The international community continues to be driven into rival blocs, driven by conflict, one-upmanship, and sheer audacity. This has left many states trying to navigate a path outside the growing polarisation. Major powers are attempting to shape an era with little room for non-alignment, but in all cases, countries are taking sides, or not, according to the preservation of national interests, rather than pure ideology.
The pressures from the major powers have a huge impact on the decisions of states outside of the US-led Western alliance. The administration of US President Joe Biden appears confident that its doctrine and policies will shape history and rise to the level of greatness required to lead a new alliance to contain China and Russia. However, it faces entrenched resistance to its efforts for global mobilisation because its position appears too confused, caught between professing a doctrine and improvising without a clear reference framework for its international relations and objectives.
But Russia has made up its mind, choosing a clear vision and national identity, with direct opposition to Nato's projects. China, for its part, continues to build a multilateral economic bloc through the Belt and Road Initiative, while consolidating strategic-military ties with key regional powers such as Iran.
It will be difficult for the US to win this battle of influence, particularly as it tries to lead fragmented and distant blocs around the world without a uniting agenda that caters to disparate national interests. The Biden administration is manoeuvring, for example, between the issues of Iran and Ukraine. For the former, it has tried to break apart the tight alliance between China, Iran, and Russia in order to secure a nuclear deal. But the polarisation over Ukraine has only pushed those countries closer together.
This makes the Biden administration's justifications for its determination to surrender to Iran’s conditions for reviving the nuclear deal even more problematic. Such a deal would rehabilitate and indirectly finance Iran's Islamic Revolutionary Guard Corps, the same entity that enforces Tehran's strategic pact with China, and any possible future pact with Russia, and which projects Iran’s regional expansionist policies against US allies in the Middle East.
Instead of adopting a more deft diplomatic approach, the Biden administration continues to blame former president Donald Trump’s withdrawal from the nuclear deal for having accelerated Tehran’s sprint towards a nuclear bomb. There is not enough evidence to say this with any certainty. We cannot know whether Mr Trump's maximum pressure policy would have eventually forced Iran to change its doctrine and nuclear expansionist policy, because maximum pressure stopped when Mr Trump lost the election. What we do know is that an indirect cash injection from the Biden administration to the IRGC by accepting Iran’s demand to delist it as a terror organisation would empower it further inside the Iranian regime, allowing it to then oversee its pivot from nuclear activities to exporting its model to the Arab world based on entrenching loyalist militias in sovereign countries such as Iraq, Syria, Lebanon and Yemen. US Secretary of State Antony Blinken and Envoy Robert Malley must recognise that the region is not convinced by their claims that their deal with the IRGC is meant to save the Middle East and humanity from an Iranian atom bomb, given those implications.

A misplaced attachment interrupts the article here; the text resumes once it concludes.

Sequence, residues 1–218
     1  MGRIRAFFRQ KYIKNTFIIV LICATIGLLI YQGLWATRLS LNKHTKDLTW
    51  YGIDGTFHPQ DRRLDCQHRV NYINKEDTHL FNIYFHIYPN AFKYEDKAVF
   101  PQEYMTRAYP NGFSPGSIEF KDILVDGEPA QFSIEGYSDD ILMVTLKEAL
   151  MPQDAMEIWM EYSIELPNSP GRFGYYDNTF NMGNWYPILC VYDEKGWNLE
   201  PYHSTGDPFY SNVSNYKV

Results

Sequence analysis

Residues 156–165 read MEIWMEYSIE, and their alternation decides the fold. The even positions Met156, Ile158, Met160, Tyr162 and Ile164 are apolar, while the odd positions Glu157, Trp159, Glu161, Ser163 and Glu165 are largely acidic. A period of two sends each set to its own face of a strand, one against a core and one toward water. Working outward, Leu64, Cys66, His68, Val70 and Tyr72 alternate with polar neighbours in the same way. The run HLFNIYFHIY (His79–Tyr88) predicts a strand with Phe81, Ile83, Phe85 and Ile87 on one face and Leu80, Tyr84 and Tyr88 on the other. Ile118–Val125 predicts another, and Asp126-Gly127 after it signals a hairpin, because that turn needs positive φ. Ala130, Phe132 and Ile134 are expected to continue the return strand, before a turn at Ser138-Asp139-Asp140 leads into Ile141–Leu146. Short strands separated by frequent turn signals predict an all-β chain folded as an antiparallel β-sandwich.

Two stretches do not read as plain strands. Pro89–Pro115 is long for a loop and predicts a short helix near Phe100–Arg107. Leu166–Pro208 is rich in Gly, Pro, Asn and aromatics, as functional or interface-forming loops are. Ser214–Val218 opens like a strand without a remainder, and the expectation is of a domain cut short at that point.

There is plenty of suspicion among some in the Middle East that the US is seeking to leverage its accommodating approach towards Iran in the negotiations to pressure its regional allies. The US is incensed that these allies have not automatically accepted its orders and priorities on issues like oil production and the need to align with it against Russia and China.
In the view of the Biden administration, a renewed nuclear deal with Iran could help convince the Iranians not to provoke or attack Israel. For this reason, the administration is selling a nuclear deal as something that serves Israeli interests.
But the war in Ukraine has also left doors open for Iran in the Middle East. Knowing that the US is preoccupied trying to balance Ukraine's terms of engagement against Moscow, Iran is freer to provoke more conflict in the Middle East. It could, for instance, heat up the already-escalating conflict between Israel and the Palestinians, by making use of its allies in Gaza and proxies in Syria and Lebanon. Tehran would also be comfortable knowing that its alliance with Russia and China would be affected very little by this in the long term, because it would only help demonstrate America's weakness. At the same time, all of this would have negative ramifications for other countries in the region with whom Russia and China have valued relationships.
The Middle East remains prone to detonation at the hands of outside players, and so clear alignments are never so easy, whatever major powers would like to think. Making alliances work in a way that navigates this tapestry of unprecedented complexity requires diplomacy that operates across more dimensions and with greater nuance.